The fallacy of purity
Last week, someone left a comment on my instagram how she noticed that things taste so much better when you use honey or maple syrup instead of plain sugar.
Interesting! Why might that be?
I think it's all about the layers...
Plain sugar is a refined product, that means it has been 'purified' down to its most basic molecules, and nothing else. In the case of table sugar, one molecule of fructose and one molecule of glucose.
Same goes for, say, extracting pure sodium chloride out of unrefined sea salt, cocaine out of coca leaves, or white flour from whole wheat grains. Like sugar, these are all 'standardised' fine white powders, stripped down to their most basic molecules: a process that makes them less 'alive' but more predictable, more shelf stable, less nutritious, and more addictive.
It also makes them more profitable - not for the farmer who grew the sugar beets, or wheat, or coca leaves, but for all the processing, packaging and marketing middlemen that get involved along the way.
Stripping out all the 'other' molecules naturally present in whole sugar cane or sugar beets also strips sugar of its flavour, or rather the complexity of its taste: a single molecule tastes as boringly one-dimensional as can be!
If you take a more wholesome, less refined sweetener, say (raw) honey or maple syrup, where (hopefully) nothing has been removed or added to, you still get the full complexity of the food in its (more or less) natural state.
Unrefined honey is full phenolic acids, flavonoids and enzymes, as well as tiny specks of pollen, and all sorts of other 'impurities' that not only impart a complex taste (that varies depending on provenance) but also provide nourishment and support health.
Sugar cane in its natural state is also full of nourishing compounds, so it's no wonder that sugar cane farmers do not suffer any ill effects (neither cavities nor obesity) from chewing on sugar cane all day long.
Back to flavour, you can hopefully see now why plain sugar is plain boring.
While honey or maple syrup still contain sugar molecules they have a lot more flavour, simply because their composition is more complex - so you don't need to use as much.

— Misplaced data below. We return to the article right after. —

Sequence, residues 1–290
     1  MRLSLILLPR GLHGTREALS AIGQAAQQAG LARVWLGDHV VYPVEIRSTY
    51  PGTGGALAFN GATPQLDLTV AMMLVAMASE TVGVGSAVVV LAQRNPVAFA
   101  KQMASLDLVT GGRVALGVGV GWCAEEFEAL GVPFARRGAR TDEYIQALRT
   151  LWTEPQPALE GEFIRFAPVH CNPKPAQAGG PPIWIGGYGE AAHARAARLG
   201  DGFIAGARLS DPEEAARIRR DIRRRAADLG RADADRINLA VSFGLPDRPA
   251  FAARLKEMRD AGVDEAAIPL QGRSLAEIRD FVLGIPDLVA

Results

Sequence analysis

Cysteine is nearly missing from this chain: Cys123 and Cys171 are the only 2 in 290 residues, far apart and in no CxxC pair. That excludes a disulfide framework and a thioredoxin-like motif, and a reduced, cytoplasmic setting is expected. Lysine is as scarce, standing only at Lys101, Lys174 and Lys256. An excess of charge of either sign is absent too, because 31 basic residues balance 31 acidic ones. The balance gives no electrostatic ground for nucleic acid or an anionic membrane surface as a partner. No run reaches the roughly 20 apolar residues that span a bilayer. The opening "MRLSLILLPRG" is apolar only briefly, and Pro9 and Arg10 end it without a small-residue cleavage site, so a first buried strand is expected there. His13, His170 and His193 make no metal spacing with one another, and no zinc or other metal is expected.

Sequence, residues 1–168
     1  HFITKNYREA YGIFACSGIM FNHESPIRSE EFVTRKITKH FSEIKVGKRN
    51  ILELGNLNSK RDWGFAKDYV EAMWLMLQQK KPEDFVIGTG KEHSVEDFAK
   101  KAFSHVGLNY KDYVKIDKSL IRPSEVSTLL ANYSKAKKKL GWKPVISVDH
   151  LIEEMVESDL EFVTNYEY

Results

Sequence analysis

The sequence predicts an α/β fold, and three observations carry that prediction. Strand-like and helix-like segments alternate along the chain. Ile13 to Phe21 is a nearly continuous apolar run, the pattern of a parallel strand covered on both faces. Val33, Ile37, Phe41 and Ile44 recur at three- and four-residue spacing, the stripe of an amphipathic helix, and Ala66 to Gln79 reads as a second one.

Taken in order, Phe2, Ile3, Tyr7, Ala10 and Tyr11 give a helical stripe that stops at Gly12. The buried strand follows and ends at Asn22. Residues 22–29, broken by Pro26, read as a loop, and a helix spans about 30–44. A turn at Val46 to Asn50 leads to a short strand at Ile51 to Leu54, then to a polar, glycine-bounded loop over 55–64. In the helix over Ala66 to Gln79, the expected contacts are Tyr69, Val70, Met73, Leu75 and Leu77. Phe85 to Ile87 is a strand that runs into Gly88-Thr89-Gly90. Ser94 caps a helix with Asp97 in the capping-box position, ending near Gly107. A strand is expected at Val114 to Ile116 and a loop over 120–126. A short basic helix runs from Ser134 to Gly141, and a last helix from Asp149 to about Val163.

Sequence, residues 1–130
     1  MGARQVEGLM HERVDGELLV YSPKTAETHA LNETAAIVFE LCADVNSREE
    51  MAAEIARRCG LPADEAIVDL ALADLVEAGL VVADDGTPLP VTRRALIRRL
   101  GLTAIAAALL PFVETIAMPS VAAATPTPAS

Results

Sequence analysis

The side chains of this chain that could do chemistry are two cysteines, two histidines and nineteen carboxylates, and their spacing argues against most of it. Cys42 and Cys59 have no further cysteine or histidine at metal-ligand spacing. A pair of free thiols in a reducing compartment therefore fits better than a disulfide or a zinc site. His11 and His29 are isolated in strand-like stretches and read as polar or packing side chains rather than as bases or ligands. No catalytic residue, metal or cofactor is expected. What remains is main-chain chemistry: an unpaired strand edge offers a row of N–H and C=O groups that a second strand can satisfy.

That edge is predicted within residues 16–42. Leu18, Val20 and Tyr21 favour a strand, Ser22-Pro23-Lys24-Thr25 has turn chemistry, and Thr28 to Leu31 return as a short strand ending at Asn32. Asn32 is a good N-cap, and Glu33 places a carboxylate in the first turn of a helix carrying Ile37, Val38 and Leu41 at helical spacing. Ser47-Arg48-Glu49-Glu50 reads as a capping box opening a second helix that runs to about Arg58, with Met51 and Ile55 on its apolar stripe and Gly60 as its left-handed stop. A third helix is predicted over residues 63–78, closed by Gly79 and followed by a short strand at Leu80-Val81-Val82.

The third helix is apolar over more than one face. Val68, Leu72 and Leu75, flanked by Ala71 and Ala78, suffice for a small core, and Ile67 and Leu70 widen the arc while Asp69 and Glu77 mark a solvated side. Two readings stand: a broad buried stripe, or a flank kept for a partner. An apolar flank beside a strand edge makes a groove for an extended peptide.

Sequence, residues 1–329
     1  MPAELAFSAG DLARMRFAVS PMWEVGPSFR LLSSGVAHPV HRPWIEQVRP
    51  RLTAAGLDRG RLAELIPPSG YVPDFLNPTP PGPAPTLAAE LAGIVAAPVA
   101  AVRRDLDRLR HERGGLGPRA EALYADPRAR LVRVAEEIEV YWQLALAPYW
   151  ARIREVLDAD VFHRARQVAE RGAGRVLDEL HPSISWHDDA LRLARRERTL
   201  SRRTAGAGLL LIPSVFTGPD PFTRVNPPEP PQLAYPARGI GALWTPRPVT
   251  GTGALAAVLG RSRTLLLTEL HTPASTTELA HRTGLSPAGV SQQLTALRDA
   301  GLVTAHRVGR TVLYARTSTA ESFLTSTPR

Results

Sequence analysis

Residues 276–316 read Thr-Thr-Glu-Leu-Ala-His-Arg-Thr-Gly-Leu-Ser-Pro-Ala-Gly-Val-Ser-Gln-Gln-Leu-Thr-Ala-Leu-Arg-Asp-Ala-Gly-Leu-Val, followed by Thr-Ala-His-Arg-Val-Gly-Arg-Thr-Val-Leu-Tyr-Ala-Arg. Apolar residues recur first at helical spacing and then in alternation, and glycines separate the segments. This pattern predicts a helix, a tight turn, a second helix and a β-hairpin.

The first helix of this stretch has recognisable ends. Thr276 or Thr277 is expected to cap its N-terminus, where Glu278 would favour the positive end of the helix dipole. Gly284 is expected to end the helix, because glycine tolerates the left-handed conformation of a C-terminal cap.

Plain sugar is also used as a cheap filler in a lot of products, which means that, the flavour of any other ingredients is often drowned out.
We often get customers in our shop comment on how the snack bars we carry that are lower in sugar actually taste of the fruit they contain. But we are also so used to the full-on sugar taste, that we perceive certain products with less sugar as 'unpleasant': dark chocolate is the obvious example here.
Is it possible to eat less sugar without missing out on sweetness? Yes, it is!
My advice: simply start with noticing.
How do you perceive sweetness? Which foods taste one-dimensionally sweet to you, and which have a more complex sweetness to them? What other layers can you taste? How does that correlate to the ingredients?
And if you want to go a bit further:
Next time you make a sweet treat, whether it's a cake or a fruit jelly, reduce the sugar content and see what happens. Use half the sugar than you usually would! Perhaps add some more interesting sweet tasting layers in the form of fruit, honey, maple syrup or 'sweet spices' like vanilla and cinnamon.
Good recipes usually call for some contrasting ingredients which add to the layers of deliciousness: lemon zest, fruit, coffee, cocoa, spices like ginger or cardamom. These are not 'small' details - they are right at the heart of your flavour composition: the ingredients to look for, and to play with!
Current favourite sweet treat in our house:
Fresh berries (fruity/fresh), yoghurt (sour), cream (sweet), cocoa (bitter) and a touch of vanilla essence and maple syrup (sweet/aromatic).
Just a little bit of each simply layered in a bowl makes for a lovely after dinner treat. Also works well with cooked fruit (also known as compote) like stewed apple or rhubarb.